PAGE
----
By 2002 Kestrel were producing some £6 million in revenues for the US company and their reputation for excellence in terms of moving cargo in the Caribbean grew. Business was won on this expertise and Guinness awarded them all their Caribbean business and United Distillers followed with more household names then joining the client list.

“The most important thing about the Caribbean is that it is difficult to get to a small and remote island with big ships – you do need specialists who can deliver on time and that is what we gave our customers,” Andy said.

But their world was tuned upside down when one of the market giants then turned its attention on Kestrel and attacked them through lower rates and many other cost-cutting deals. But the competitors soon realised that working in that area was not quite so simple as two way trade does not work in the Caribbean. In most shipping you take a load and bring one back but the islands in that part of the world they produce very little and so the whole journey has to be paid for the by one-way load going to the islands.

In the meantime Kestrel had been busy building up other areas of the business with a West African service, moving oil and gas and linking up with places such as Aberdeen and Great Yarmouth and the company established a base in Miami.

By 2003 the world was changing and people wanted other commodities moved across oceans – they wanted wines from Australia and New Zealand and also China was beginning to export more and more. Andy saw the changes and swiftly set about developing a global business by visiting every market around the world and selected agents to sell the Kestrel brand.

“We were actually overwhelmed by our initial success and we came close to failure. Our systems crashed with overload, our staff were at breaking point and we were getting overbooked in every direction. I flew to Miami and actually stopped the staff from taking bookings. I went to customers who wanted 50 containers moved that week and said I could do 20 and little by little we turned things around,” Andy said.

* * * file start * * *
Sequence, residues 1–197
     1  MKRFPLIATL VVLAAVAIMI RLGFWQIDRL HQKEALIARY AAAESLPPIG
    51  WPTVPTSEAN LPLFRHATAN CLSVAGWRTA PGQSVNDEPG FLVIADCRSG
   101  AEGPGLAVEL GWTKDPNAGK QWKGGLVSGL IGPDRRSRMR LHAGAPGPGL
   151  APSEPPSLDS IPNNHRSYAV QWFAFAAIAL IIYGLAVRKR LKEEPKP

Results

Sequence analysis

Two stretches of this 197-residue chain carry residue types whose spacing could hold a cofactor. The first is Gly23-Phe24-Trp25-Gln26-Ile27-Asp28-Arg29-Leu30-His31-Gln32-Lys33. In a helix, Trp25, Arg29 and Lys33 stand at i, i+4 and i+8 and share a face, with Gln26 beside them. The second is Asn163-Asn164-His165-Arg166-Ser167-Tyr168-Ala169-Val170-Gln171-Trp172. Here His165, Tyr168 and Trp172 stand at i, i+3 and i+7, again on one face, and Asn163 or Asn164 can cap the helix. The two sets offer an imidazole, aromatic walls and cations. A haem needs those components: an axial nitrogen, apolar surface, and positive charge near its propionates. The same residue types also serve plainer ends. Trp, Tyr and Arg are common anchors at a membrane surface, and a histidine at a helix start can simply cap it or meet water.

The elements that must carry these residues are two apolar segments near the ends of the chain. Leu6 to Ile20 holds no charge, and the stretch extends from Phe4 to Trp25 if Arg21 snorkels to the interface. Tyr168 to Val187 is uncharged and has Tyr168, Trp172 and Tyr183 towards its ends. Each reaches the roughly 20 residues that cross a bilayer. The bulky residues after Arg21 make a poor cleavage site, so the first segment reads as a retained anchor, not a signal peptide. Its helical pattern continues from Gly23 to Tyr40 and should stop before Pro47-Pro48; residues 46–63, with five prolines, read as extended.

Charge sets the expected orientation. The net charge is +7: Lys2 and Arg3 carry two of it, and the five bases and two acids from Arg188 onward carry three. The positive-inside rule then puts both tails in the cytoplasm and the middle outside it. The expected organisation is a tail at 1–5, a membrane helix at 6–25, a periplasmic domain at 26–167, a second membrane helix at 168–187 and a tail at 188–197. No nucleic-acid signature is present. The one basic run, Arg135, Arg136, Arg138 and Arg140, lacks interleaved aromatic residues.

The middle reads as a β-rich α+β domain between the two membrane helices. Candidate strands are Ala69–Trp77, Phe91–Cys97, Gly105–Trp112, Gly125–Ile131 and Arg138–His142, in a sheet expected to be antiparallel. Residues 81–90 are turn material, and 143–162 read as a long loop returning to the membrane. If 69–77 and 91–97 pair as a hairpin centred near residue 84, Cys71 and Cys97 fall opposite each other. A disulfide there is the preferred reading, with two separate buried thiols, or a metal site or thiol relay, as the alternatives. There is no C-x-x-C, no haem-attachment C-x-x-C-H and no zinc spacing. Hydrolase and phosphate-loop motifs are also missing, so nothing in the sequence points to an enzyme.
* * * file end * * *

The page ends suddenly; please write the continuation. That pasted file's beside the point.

“I knew the weekly commute to Miami was not a realistic long term solution and so I asked a great member of my team, Gary Aspinall to work on the US operation with me. He accepted the role and in fact is living out there full time.” Andy added.

Since that time the business has grown with an office opened in Aberdeen, Miami has a team of 30 headed up by the operations person Andy first selected. In 2008 they held their first world-wide agency meeting and over 200 people flew to Miami for a two day event.

With the years of experience he has Andy is also busy these days helping people who buy and develop islands – advising them how to ship the components of a dream home or possibly for an entire hotel.

He also does a great deal of charity projects such as helping Otis Roberts, the cousin of Jason Roberts the Blackburn Rovers footballer, to move charity goods to Grenada to help underprivileged children play football.

Andy also sponsors a team in Grenada and the minute the news broke of the tragedy in Haiti he and his team agreed to help all the aid agencies with free logistical support.

“Working with Samaritans Purse, we sent the first NGO private relief vessel into Port Au Prince Haiti after the earthquake. People said ships could not get in there but we found a way – it is the nature of our business.

“We will look to expand new markets and to work towards global recognition as a global shipping brand. To win this Queen’s Award for Enterprise in International Trade is overwhelming and when we had the letter to confirm the Award I have to say it was one of the proudest days of my life. It is an Award for everyone who works in Kestrel Liner Agencies and I am sure they are equally proud to be recognised in this way.”


For further information please contact:

Mary Rudd
Mary Rudd PR
Tel: 01362 821415
Or: 07831 719573

This press release was distributed by ResponseSource Press Release Wire on behalf of Mary Rudd Public Relations in the following categories: Business & Finance, Transport & Logistics, for more information visit